HC Deb 27 June 1940 vol 362 cc572-4
5. Mr. Lyons

asked the Minister of Labour whether he will take steps to mobilise for national service the many persons whose names have been enrolled on the Central Register and others who are ready and willing to engage themselves in the war effort but who have received no suggestion of employment; whether he will arrange for them to be considered by qualification at once, and set up machinery whereby a great number of those persons of varying ages can be utilised forthwith?

Mr. Bevin

The purpose of the Central Register has been to keep a record of persons with scientific, technical, professional or higher administrative qualifications who have offered their services, with a view to submitting such persons for posts, mainly in Government Departments, where their professional or other qualifications would be of service. The great majority of persons enrolled on the Central Register are already in employment. It must, however, be recognised that, however valuable these qualifications are in peace time, many of them are not in demand in war time. I am therefore taking immediate steps to bring to the notice of such persons other ways in which they can usefully serve the country at the present time. I should point out that, apart from such opportunities as are offered by the Armed Forces and Civil Defence services, these would for the most part be in the nature of manual work. I am issuing a notice on the subject to-day, and, with my hon. Friend's permission, I will circulate a copy in the OFFICIAL REPORT.

Mr. Lyons

Is it not a fact that a large number of the people whose names are on the Central Register are not in employment at all, and that when employment is given in a Government Department the people are chosen from outside and are put on the Register for appearance sake? Is he also aware that there are thousands of people ready and willing to work in the national interest who get no more than a postcard acknowledgment?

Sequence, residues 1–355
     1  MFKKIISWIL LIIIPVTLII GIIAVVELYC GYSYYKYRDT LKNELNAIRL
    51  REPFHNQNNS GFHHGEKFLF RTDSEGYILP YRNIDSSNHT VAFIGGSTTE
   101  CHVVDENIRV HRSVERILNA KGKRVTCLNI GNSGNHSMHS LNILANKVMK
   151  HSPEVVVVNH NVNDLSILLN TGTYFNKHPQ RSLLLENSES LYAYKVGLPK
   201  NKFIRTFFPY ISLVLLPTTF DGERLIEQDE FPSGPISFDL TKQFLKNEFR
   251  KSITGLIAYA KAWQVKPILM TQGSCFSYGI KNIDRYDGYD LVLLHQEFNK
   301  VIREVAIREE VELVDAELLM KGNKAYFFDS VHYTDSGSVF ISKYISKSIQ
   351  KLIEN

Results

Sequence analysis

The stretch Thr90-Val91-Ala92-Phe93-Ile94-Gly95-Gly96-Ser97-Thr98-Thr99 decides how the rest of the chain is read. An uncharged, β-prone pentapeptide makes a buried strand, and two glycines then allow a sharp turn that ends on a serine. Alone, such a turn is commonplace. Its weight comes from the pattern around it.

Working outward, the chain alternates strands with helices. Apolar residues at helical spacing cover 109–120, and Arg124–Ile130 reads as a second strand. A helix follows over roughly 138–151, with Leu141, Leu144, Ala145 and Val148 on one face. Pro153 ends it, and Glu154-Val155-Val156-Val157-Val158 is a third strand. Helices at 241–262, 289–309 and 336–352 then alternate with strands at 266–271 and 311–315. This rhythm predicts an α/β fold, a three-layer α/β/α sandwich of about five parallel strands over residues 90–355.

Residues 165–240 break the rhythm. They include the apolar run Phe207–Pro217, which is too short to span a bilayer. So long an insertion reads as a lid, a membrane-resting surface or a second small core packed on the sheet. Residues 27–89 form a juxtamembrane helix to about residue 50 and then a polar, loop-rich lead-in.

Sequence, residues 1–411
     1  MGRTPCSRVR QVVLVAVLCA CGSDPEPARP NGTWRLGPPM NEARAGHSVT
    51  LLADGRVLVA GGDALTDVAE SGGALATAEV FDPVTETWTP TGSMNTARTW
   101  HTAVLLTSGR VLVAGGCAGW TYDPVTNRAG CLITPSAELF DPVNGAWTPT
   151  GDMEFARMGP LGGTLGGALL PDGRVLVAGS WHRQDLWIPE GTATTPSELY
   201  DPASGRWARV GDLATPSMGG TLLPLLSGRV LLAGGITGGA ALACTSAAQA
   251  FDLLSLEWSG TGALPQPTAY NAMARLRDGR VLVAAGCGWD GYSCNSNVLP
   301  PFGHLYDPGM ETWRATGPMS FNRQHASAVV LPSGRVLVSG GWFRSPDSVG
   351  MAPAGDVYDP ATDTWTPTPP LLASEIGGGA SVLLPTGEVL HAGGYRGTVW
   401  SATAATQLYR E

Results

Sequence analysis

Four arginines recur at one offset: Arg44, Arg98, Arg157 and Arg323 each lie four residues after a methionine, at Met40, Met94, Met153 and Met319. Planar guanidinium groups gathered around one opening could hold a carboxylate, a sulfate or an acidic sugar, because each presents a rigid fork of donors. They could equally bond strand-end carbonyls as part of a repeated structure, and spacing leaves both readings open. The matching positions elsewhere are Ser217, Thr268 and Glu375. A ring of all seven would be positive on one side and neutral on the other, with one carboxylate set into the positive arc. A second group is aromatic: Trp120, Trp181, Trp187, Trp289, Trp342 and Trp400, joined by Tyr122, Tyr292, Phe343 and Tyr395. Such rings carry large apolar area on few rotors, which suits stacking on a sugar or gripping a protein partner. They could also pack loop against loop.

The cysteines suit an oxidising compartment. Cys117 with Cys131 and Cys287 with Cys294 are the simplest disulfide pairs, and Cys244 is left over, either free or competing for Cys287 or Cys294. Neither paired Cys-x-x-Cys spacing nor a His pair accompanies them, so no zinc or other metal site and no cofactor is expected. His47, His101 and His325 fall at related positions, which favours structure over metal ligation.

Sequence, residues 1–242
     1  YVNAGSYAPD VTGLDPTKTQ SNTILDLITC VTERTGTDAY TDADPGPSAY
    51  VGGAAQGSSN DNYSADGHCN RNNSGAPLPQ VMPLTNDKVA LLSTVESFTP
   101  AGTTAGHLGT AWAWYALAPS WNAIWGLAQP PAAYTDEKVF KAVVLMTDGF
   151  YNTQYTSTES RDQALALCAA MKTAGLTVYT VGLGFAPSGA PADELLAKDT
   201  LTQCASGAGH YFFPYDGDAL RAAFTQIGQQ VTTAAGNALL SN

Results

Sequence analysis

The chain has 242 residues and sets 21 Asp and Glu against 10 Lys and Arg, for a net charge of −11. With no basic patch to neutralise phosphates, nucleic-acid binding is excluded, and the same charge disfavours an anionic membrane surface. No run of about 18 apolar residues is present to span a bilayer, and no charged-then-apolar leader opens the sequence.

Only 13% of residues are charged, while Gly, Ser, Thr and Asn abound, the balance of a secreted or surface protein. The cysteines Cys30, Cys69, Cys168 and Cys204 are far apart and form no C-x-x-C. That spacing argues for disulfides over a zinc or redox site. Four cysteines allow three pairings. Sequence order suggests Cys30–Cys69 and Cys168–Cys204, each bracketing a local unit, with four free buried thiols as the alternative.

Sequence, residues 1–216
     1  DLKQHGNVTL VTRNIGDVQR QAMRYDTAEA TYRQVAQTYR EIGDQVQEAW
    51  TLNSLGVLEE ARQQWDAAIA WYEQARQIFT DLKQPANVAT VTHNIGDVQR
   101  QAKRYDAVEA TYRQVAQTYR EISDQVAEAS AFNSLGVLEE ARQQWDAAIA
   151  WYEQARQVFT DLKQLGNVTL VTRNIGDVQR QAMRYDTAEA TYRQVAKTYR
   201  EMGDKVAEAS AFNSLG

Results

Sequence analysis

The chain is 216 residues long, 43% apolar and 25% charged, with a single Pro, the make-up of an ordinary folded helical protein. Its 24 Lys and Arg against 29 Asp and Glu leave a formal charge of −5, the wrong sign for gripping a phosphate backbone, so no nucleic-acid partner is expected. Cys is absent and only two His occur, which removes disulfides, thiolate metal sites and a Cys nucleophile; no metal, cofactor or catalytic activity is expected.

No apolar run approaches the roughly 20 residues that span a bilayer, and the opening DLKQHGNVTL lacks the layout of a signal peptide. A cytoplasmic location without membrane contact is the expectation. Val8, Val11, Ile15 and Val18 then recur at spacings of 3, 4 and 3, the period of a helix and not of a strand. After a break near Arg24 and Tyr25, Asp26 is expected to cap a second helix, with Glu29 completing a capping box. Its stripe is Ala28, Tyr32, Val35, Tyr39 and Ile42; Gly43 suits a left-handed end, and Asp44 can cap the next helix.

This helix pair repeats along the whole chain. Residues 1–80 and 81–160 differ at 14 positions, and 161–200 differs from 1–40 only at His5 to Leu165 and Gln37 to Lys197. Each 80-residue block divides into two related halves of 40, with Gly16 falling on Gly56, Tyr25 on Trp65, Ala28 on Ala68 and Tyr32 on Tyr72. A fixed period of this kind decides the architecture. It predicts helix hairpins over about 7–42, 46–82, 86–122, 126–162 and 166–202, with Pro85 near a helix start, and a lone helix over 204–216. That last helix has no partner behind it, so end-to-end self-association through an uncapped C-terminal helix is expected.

Mr. Bevin

I have made investigation personally into the position of the Central Register, and I find that nearly 90 per cent. of the people are in fact in employment. I have no knowledge of the latter part of the hon. and learned Gentleman's statement. It has certainly not occurred since I have been in office.

Mr. Lyons

Will my right hon. Friend look into the matter?

Following is the notice: At the present time very many offers of service are being received at the Ministry of Labour and National Service, and the Minister wishes to thank everyone who has volunteered to help in the present emergency. There is, in this country, a large reserve of labour not directly employed on work connected with the war. War conditions have led to the dislocation of many peace-time activities, and many workers cannot be found employment in their normal sphere of activity. This applies in particular to many professional and business men and women whose special ability is not required for the war industries. It is, therefore, inevitable that many such persons will not be able to find any post during the war in which their special knowledge can be put at the country's disposal. There are, however, many ways in which such persons can serve their country at the present time if they are willing to take on jobs which are arduous and probably quite different from any job which they would have ever considered under peace-time conditions.